Literacy in the early years tends to be thought of as the ability to read and write. But it is much more than that.


It includes a child’s speaking and listening skills which help build the foundations for their reading and writing as they child gets older.


According to the early years foundation stage (EYFS), which sets standards for the learning, development and care of children from birth to 5 years old, children under three’s reading skills start with verbal communication. For example, they will begin to; repeat words or phrases from familiar stories; fill in the missing words in a familiar rhyme or story like, ‘Humpty Dumpty sat on a …’; and enjoy rhyming and rhythmic activities.


As children get older, they will begin to show interest in print in books and in the environment. Then you’ll hear Sally say, ‘That’s my letter’ as she points at the big Sainsbury’s sign. In fact, talking about letters and illustrations you see anywhere can be really helpful to your little one’s development. Sharing this fascination with your little one can have a huge impact on a child’s interest in reading as they get older.


Writing skills begin in a slightly different way. For over 2’s they will begin their writing journey by ascribing meaning to marks that they make. This is where things like a green squiggle on the page are, ‘A snake’; or a deep orange scribble is, “A fire”. Whereas for under 2’s, ‘Early mark-making is not the same as writing. It is a sensory and physical experience for babies and toddlers, which they do not yet connect to forming symbols which can communicate meaning’, according to the EYFS.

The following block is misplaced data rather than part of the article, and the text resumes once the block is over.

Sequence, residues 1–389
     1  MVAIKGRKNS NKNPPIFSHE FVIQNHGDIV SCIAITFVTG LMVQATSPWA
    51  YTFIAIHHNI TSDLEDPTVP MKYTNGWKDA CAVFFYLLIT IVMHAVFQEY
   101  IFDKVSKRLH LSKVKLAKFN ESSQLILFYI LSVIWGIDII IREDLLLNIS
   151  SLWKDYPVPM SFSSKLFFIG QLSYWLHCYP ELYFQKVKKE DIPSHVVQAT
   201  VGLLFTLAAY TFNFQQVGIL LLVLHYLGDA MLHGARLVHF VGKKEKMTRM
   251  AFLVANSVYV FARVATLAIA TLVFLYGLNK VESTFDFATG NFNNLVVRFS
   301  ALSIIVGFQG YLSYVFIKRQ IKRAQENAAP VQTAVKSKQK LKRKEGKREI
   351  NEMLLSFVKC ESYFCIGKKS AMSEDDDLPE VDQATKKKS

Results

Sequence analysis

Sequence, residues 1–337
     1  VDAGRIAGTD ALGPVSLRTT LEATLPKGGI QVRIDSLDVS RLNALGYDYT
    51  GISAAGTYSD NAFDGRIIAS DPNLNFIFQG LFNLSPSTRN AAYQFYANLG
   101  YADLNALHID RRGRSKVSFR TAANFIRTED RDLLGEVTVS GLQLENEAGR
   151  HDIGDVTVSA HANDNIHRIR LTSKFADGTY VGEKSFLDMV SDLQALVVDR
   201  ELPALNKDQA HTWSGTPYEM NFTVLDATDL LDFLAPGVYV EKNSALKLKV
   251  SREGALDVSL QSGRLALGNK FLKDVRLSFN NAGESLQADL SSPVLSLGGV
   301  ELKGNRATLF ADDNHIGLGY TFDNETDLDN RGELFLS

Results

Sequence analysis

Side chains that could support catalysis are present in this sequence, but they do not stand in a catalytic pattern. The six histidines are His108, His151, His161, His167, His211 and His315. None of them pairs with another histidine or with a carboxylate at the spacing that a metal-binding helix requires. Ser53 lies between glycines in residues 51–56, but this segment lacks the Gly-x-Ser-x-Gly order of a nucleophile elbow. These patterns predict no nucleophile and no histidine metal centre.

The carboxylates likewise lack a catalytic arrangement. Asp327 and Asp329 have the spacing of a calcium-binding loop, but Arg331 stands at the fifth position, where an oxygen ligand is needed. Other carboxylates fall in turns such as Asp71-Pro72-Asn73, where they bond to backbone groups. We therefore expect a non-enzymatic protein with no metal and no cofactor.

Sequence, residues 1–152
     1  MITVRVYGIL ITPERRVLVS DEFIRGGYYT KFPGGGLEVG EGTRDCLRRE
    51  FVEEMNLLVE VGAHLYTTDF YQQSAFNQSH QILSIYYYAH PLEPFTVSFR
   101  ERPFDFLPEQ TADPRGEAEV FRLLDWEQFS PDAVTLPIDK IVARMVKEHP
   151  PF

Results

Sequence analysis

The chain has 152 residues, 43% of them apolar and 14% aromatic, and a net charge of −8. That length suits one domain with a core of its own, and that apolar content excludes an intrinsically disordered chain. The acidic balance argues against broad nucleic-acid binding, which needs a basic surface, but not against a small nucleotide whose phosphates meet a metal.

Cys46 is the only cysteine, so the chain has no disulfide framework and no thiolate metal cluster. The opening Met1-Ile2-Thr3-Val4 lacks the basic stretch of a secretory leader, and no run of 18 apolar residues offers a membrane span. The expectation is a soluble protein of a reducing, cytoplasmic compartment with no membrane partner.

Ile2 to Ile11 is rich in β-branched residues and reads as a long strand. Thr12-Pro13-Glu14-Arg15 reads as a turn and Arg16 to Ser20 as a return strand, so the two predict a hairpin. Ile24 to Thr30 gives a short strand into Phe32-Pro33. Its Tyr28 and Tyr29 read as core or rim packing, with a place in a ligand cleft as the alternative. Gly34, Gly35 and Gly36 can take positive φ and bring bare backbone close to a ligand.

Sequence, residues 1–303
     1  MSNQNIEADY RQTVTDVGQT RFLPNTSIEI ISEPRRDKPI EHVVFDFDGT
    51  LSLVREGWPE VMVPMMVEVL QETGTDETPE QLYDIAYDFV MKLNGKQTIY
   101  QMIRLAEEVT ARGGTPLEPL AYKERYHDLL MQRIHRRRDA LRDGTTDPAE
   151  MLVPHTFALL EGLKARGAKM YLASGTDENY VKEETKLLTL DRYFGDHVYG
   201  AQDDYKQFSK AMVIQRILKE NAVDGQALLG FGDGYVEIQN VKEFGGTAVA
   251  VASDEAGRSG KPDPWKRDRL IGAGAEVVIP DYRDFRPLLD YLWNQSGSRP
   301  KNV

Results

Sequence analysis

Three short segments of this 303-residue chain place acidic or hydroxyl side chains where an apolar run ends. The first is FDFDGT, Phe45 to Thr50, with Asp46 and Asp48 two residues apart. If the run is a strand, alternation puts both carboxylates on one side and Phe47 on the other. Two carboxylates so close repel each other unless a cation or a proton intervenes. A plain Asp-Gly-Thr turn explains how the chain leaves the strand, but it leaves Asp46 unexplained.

Whereas for under 2’s, it states that, “Before they can write, they need to learn to use spoken language to communicate. Later they learn to write down the words they can say.” From around the age of 3 and a half, children will be able to hear and say the initial sounds in words and then link sounds to letters, like those in the alphabet.


Research from The Melbourne Institute of Applied Economic and Social Research found that regular reading to early years children improves schooling outcomes, regardless of family background and home environment. Another study that measures educational outcomes of 15 year olds found a strong correlation between parents’ storytelling with children in the early years and reading achievement.


It is all about giving spoken and printed words some context. Read to your kids, talk to your kids, describe your surroundings and how you feel. Make these interactions fun, peak their interest and keep them motivated.


We’ve got some really fun ways for you to build and enhance literacy skills in your early years child. Click below for some help!